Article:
This system is being explored as a solution for PROPS, where a large set of users are rewarded in a token on a regular basis, for their contributions in digital media applications.

While a similar result could potentially be achieved with a plasma chain or relay network, the aim is to design something simpler (for this specific use-case) that does not require operating a separate blockchain.

Any suggestions / feedback would be greatly appreciated. Thanks to Santiago for helping to refine.


#2

Your post inspired me to create a MerkleTree based payment pool. I blogged about it here: https://medium.com/cardstack/scalable-payment-pools-in-solidity-d97e45fc7c5c. Here’s the repo for it: https://github.com/cardstack/merkle-tree-payment-pool


#3

If the merkle tree is sufficiently big, the pool owner may not even be able to do so. I don’t see the attack vector though, if you can always exit with an older merkle root.


#4

The owner can insert a merkle tree root that gives all allowances to him and immediately withdraw all funds from the contract.


#5

Yeah, that’s the issue.

If there’s a challenge period before a new merkle root is settled, then users can use an old merkle root to get their money out before it kicks in. However, I’m not a fan of solutions that require users to be paying attention and exit when things go wrong (e.g. Minimum Viable Plasma). It’s unrealistic, and limits the use-cases and types of participants.

That’s why I’m leaning towards adding a mechanism where a certain threshold of participants can “freeze” the pool when they suspect that a malicious merkle root was posted, and data is being withheld (exit voting).

I agree that forcing the owner to post the full tree is probably not viable, especially if it’s large, but wanted to list it as another potential solution to discuss.


#6

another idea is to require that submitters of the merkle root have a “stake” posted in the payment pool, such that you can only submit a merkle root if you have a high enough number of tokens staked in the payment pool (probably in a different ledger that doesn’t include the actual tokens being distributed as part of the pool). If malfeasance is discovered after the fact, the submitter’s stake could be lost, and perhaps distributed in the next cycle of the payment pool to the participants of the pool.

Then I guess you then have to think thru what is the process by which participants of the pool can claim that malfeasance has occurred (maybe some kind of voting process)…


#7

The biggest problem I see is that if an attacker is going to post an invalid merkle root, they’re unlikely to publish the proofs off-chain, making it impossible to discover and prove the malfeasance. The best you can do is make a claim that data is being withheld. But malicious users could also make false claims, which is why it’s risky to have a bond up for grabs, tempting them to try and win it. If instead you could only vote to freeze the pool, then the worst you could do is inconvenience the pool participants, (hopefully) making it less likely to be abused.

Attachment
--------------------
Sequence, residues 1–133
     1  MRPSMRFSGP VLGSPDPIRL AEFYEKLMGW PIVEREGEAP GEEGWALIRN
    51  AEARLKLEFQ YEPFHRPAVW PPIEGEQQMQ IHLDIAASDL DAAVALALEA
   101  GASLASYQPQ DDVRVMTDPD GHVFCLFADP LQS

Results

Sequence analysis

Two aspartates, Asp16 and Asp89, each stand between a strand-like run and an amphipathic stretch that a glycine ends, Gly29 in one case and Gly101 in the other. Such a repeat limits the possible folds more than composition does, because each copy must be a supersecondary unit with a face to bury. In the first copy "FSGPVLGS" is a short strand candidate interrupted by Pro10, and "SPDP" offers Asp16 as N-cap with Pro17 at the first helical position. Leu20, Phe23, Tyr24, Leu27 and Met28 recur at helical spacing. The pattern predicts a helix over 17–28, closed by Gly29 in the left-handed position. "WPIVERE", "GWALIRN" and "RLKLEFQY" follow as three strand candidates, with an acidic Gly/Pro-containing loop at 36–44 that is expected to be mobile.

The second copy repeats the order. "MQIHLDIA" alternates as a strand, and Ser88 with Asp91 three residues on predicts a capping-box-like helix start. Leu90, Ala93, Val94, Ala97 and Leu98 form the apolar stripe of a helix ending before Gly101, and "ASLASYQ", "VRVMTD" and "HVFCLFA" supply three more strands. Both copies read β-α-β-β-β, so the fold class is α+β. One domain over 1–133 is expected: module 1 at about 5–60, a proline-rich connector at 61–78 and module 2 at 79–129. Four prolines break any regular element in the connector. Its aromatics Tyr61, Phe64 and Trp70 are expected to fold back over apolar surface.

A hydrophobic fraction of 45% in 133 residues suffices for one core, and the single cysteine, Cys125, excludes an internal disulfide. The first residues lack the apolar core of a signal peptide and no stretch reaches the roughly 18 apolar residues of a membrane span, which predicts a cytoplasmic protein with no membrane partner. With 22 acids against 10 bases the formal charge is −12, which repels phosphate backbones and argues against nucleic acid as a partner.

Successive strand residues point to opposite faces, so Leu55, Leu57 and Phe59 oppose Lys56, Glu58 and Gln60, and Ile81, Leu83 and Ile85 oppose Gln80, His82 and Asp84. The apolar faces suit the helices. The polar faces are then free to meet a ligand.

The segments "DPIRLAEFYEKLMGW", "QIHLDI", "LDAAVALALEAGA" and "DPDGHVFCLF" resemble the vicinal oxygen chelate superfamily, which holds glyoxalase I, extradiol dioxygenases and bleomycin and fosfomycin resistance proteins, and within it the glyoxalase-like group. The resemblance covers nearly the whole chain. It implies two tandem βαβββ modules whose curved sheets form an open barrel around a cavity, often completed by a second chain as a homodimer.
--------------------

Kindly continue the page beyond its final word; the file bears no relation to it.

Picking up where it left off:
Data availability challenges are discussed in more depth here: https://github.com/ethereum/research/wiki/A-note-on-data-availability-and-erasure-coding

I feel like there’s better solution in there somewhere, but can’t quite put my finger on it.


#8

At cardstack we are actually working thru an approach to deal with “analytics mining”, where there are parties that contribute their GPU cycles to analyze log files to determine payment pool disbursements in return for a “mining reward”. The idea is that we are building a consensus protocol for “analytic miners” (the merkle root submitters in this instance) to arrive at an solution for the payout that has consensus amongst the pool. We’re still hashing out the details, but I think it actually gets to the heart of your concern. I’ll definitely keep this thread up to date with what we are working on.


#9

Here’s a post on another kind of availability proofs Proof of Visibility for Data Availability


#10

Thanks.

Part of the goal with this protocol is to inherit security entirely from the main Ethereum chain. As soon as you get into the territory of having validators and a consensus mechanism, you’re adding a lot complexity, and might as well have a fully functional bridged chain. The hope is that by limiting the scope (just one-to-many payments), it will be possible to avoid a secondary consensus mechanism completely. But perhaps that’s wishful thinking.